NYSERDA recognizes these issues and will work over the next few months to address them. Interconnection queue reform continues to move forward as well, and could also affect megawatt allocations in the various blocks.
The Value of Distributed Energy Resources (VDER) was also released. The VDER order is nearly 300 pages full o’ fun, but in sum, will start the transition away from net energy metering (NEM) toward a “value stack” approach, valuing energy, capacity, the environmental value, and demand reduction and locational system relief value. Residential customers’ rates will be preserved until 2020.
All other projects have 90 days to demonstrate that 25% of interconnection costs have been paid or a standard interconnection contract has been executed to get NEM with slight modifications. After that, we’ll await an order on implementing the value stack “as soon as” this summer.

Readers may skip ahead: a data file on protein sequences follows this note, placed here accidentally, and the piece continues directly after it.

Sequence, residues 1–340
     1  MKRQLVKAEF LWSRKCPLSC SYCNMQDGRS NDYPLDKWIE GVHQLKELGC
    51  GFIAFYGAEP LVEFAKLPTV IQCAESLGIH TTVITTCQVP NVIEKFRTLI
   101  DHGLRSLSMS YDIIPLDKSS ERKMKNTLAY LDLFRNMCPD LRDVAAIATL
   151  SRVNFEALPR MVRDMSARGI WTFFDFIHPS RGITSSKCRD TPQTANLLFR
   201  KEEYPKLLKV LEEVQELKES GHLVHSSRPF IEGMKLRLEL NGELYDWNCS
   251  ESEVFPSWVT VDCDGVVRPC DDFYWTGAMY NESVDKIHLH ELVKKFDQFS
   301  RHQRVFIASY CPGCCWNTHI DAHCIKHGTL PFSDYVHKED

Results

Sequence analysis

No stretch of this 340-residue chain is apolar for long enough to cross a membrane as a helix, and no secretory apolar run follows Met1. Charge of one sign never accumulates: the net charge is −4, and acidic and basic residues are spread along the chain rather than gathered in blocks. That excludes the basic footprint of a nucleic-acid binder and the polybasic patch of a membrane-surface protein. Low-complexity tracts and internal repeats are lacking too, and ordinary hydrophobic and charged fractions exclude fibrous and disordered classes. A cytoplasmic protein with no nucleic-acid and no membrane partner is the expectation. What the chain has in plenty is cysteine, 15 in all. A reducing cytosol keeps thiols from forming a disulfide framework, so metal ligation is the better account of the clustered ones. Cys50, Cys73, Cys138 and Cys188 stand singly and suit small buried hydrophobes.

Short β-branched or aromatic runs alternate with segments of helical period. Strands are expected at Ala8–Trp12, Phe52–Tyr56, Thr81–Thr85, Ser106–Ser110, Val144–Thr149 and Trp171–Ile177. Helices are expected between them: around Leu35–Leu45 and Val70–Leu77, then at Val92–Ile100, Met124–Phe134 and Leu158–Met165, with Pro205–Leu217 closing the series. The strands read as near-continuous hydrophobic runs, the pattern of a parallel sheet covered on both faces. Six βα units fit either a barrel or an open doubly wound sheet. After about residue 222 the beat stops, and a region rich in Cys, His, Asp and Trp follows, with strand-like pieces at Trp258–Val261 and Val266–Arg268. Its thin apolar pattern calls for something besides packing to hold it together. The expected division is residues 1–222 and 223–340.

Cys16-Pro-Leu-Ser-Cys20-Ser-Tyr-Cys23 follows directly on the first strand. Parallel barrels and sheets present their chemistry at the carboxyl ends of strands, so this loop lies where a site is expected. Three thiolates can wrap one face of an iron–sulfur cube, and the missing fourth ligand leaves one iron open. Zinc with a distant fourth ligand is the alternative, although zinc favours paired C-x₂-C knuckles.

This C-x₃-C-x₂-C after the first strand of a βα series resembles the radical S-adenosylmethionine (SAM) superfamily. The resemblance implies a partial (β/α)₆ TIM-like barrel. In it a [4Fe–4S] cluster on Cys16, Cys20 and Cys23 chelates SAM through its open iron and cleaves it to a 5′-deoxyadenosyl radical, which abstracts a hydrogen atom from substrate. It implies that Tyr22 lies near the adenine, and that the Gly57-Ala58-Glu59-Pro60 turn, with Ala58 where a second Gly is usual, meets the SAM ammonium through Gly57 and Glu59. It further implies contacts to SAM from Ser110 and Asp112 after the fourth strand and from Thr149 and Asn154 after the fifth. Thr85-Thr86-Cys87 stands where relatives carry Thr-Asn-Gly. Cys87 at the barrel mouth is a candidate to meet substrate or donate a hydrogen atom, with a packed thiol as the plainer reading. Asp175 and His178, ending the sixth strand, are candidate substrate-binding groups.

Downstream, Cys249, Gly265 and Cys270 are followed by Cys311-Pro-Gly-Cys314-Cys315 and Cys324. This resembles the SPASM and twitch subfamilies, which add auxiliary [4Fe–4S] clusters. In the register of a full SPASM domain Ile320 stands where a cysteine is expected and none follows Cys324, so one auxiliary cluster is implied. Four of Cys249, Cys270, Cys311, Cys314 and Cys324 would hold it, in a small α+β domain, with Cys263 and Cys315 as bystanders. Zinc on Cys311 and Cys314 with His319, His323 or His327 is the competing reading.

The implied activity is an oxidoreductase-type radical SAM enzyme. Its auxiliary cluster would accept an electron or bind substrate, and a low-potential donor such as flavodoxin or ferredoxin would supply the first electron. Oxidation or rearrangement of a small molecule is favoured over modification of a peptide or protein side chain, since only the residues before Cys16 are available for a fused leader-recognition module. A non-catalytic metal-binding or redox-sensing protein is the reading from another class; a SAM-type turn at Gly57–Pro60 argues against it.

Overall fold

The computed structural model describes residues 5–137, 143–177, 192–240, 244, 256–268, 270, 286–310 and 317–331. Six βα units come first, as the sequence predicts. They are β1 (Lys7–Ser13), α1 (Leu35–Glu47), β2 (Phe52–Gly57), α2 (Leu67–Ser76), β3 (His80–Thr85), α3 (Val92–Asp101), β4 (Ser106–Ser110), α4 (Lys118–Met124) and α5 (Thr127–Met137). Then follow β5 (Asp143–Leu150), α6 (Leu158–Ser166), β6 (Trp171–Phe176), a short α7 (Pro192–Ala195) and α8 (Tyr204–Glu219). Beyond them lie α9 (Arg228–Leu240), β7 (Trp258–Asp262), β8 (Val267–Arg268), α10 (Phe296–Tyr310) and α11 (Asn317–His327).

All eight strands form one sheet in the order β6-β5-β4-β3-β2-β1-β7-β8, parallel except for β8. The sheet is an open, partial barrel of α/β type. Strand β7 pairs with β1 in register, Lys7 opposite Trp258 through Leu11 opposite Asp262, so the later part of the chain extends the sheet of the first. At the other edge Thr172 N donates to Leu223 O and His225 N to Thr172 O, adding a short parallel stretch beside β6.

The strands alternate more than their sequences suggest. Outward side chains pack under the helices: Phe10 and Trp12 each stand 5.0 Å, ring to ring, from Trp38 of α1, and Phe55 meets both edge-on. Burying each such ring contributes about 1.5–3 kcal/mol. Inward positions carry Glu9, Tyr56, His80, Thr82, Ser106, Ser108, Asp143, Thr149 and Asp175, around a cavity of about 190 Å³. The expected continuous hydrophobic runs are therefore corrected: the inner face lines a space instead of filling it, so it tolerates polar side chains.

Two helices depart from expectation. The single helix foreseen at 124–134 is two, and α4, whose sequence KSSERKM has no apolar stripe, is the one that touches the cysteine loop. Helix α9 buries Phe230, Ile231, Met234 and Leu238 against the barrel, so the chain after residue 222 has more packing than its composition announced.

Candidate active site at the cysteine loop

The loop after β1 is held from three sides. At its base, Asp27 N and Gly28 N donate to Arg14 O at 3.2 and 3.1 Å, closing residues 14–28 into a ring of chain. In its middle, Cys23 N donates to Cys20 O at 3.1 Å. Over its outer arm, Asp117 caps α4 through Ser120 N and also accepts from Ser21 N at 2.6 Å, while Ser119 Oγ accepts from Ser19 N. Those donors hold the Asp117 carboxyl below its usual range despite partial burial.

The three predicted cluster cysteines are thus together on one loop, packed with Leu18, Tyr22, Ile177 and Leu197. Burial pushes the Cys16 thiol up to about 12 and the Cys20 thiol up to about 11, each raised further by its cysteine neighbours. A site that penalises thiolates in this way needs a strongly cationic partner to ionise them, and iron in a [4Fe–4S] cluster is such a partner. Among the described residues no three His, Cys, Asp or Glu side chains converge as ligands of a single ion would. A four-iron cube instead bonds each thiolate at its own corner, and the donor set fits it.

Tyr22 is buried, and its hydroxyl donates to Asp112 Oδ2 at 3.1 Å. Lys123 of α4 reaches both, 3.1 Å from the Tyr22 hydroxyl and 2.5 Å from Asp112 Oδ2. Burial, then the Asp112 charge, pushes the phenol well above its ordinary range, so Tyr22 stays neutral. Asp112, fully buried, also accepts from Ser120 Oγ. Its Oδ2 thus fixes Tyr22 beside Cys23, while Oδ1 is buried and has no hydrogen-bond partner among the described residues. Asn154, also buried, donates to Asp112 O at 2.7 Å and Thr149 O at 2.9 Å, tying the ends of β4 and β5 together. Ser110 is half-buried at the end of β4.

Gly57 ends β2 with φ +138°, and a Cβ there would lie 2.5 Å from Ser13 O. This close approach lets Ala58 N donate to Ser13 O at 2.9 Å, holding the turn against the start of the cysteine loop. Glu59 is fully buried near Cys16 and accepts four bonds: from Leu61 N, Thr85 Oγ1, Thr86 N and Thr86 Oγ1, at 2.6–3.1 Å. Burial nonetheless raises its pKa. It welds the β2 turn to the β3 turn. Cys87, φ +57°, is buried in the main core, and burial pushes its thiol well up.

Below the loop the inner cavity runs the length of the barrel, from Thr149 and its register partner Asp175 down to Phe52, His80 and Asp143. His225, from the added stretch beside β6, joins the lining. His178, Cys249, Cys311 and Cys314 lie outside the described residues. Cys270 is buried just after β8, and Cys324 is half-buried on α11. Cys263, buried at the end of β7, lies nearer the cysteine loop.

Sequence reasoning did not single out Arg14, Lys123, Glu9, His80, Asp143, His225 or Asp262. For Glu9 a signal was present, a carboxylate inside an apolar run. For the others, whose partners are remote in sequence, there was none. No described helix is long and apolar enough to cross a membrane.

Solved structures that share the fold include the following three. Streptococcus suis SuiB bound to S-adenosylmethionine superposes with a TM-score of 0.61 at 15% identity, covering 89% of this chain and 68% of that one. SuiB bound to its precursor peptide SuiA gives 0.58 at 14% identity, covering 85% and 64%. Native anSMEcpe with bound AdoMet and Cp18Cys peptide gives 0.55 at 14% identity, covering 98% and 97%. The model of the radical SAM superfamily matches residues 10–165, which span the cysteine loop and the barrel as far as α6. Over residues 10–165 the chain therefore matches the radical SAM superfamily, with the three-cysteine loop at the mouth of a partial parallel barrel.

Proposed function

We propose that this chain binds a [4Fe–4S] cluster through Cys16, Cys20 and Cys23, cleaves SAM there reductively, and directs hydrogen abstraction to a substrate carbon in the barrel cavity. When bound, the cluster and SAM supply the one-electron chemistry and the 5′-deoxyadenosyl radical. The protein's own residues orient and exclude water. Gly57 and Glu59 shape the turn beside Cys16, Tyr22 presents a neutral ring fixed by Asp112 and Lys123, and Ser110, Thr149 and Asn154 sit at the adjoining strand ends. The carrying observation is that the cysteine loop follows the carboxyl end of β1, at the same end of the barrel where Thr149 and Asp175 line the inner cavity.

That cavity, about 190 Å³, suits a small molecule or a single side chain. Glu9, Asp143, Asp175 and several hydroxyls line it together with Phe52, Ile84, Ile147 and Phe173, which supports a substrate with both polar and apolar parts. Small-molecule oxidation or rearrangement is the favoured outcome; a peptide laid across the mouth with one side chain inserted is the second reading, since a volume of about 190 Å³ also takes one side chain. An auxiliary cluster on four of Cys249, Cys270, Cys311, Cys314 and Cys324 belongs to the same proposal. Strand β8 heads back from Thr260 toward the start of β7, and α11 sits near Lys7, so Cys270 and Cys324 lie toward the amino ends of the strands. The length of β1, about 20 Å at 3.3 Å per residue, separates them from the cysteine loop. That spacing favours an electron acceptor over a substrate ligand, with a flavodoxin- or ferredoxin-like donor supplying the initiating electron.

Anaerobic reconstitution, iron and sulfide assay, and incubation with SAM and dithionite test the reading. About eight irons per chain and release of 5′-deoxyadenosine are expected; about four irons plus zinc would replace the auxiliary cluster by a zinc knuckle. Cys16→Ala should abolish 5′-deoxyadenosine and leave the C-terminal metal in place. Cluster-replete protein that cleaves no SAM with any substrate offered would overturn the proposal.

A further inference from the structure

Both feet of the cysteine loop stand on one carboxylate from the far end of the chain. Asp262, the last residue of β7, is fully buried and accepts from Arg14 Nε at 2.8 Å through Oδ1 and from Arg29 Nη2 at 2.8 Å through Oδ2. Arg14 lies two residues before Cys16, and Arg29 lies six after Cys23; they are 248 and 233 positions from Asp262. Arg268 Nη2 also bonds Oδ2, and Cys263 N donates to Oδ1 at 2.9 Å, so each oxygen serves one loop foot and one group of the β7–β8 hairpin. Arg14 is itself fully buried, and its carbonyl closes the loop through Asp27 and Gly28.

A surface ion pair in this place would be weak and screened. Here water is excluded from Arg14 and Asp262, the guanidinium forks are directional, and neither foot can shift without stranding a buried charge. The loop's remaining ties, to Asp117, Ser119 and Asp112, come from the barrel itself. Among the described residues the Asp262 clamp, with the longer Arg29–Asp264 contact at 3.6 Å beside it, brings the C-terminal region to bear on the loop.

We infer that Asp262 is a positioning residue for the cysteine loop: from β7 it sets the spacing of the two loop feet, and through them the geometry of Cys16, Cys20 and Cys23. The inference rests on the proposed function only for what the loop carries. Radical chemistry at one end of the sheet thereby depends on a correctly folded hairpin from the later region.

New York’s goals have been ambitious, and without a doubt, there are many lessons learned as new markets – such as Illinois – look at large-scale renewable energy procurements, declining block incentives, and locational based valuation of distributed energy resources.
This is a public service announcement about RECtirement. Our research has discovered a number of RECs in PJM-GATS and other registries that should be used for corporate claims and voluntary compliance, but are hanging in limbo instead of heading toward retirement. This makes true REC forecasting hazy and distorts supply and demand projections.